Rotorua's Linton Park Reserve has been described as a "no man's land" after 6ha of trees were cut down - now locals are asking when something will be done to clean up the mess.
In September Rotorua Lakes Council removed a stand of gum trees from the park and told the Rotorua Daily Post an area of more than 500sq m would be replanted with more appropriate native vegetation "during the next few weeks, with a longer term revegetation programme spread over several years".
But park users say nothing has been done and large piles of dead and rotting wood are spoiling what was once a beautiful park. The trees were removed due to safety concerns and since they were cut down at least two suspicious fires have been lit among the debris.
Park user Grant Moore said he had seen no replanting and the piles of dead trees were an eye-sore and could be dangerous for people, especially children.
"It's pretty disgusting," Mr Moore said.
"The rubbish from those trees is still there, nothing's been planted, they have shredded them and left them there. "It should have been taken away and dumped a long time ago," Mr Moore said.
"It was a beautiful walk, now it's a no-man's land, left in ruins."
Another local resident, who did not want to be named, said he wanted to know when something would be done with the "wasteland".
District councillor and sports and recreation portfolio leader Charles Sturt visited the park yesterday. Mr Sturt said council staff told him the piles of wood were to be used for mulch as part of the park's three-year revegetation programme.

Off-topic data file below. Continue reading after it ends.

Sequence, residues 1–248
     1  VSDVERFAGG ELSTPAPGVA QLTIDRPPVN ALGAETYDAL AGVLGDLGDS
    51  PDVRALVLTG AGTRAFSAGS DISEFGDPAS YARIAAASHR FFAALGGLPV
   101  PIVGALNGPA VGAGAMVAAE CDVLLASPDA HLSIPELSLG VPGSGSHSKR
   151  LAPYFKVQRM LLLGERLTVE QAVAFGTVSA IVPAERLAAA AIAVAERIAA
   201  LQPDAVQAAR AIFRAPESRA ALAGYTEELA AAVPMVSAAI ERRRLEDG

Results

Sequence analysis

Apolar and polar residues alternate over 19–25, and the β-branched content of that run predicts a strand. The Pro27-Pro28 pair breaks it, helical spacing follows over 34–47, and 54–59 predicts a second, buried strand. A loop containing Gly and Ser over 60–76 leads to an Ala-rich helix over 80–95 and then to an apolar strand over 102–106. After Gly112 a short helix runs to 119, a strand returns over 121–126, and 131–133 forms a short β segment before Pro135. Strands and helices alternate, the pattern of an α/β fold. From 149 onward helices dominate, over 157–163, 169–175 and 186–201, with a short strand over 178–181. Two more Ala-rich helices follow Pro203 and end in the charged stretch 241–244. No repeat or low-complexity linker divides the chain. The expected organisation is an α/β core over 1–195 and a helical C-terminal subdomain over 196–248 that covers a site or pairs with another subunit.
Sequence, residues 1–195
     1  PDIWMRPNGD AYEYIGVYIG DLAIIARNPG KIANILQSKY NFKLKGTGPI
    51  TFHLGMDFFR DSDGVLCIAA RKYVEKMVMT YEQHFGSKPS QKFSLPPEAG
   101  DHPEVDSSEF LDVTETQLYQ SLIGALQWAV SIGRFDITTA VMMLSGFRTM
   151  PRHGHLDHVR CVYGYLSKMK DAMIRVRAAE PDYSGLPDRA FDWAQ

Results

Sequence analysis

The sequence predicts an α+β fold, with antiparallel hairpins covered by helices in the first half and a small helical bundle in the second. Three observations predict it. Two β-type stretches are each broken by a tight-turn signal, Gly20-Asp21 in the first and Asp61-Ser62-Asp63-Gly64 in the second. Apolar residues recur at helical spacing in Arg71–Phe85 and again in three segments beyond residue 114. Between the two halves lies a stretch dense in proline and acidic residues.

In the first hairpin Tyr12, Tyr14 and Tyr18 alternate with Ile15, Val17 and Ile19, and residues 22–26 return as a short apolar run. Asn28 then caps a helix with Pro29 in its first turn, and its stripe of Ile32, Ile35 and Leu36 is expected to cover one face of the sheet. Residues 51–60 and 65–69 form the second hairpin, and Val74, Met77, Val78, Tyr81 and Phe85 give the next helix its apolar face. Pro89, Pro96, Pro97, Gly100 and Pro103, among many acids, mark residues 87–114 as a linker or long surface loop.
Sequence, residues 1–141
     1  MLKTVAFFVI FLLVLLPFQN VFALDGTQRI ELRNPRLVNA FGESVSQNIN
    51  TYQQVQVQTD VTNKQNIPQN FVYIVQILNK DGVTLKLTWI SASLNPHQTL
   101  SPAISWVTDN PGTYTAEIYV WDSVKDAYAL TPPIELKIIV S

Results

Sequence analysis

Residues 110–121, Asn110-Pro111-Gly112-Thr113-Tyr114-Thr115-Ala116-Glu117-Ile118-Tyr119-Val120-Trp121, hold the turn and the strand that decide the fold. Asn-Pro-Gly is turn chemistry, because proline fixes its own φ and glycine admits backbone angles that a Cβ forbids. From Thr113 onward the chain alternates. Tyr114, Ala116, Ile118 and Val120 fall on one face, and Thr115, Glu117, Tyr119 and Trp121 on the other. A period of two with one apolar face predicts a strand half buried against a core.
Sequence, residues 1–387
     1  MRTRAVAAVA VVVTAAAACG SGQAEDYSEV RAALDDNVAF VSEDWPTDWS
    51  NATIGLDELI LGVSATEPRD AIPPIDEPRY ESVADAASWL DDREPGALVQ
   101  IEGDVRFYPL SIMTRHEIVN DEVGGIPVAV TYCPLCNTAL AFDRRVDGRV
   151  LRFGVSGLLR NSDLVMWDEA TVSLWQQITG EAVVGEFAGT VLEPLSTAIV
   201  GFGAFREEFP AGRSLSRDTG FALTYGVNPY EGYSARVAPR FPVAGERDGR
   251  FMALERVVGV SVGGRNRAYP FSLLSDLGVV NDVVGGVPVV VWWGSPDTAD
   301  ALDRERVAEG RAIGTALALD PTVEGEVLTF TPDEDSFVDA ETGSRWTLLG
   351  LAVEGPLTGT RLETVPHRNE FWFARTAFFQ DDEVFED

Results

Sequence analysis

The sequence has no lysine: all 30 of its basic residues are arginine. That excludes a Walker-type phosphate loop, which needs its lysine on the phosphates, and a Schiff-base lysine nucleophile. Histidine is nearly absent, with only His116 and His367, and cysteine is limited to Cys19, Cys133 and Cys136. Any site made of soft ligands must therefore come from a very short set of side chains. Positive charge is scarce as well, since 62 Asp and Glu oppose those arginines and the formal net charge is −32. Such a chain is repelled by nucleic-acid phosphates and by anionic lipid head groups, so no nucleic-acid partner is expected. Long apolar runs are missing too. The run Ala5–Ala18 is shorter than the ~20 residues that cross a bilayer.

"While it does look shocking at the moment let's hope that at the end of the three years it ends up nice and tidy and a place people want to visit.
"But it definitely needs a clean up and it's obvious that it's an area that needs to be upgraded and given a bit of love. "This would not happen in Otonga," Mr Sturt said.
Linton Park Community Centre manager Rick Mansell said the majority of the park had been neglected.
"But I can't think of any other park in Rotorua that's in that state . . . or a park surrounded by low decile homes like this one. "It could do with a clean up, nothing's been done there and it's been neglected."
The council's open spaces operations leader, Garry Page, said the park would eventually become a "natural, low maintenance environment" and would never be a "manicured" park.
"We have a revegetation plan . . . which includes planting 1000 trees in 2016 - 300 kahikatea, 300 redwoods, and the rest a variety of native species. "We're working on signage which will inform the public about the planting programme and what's proposed for the park."
He said planting would begin "soon".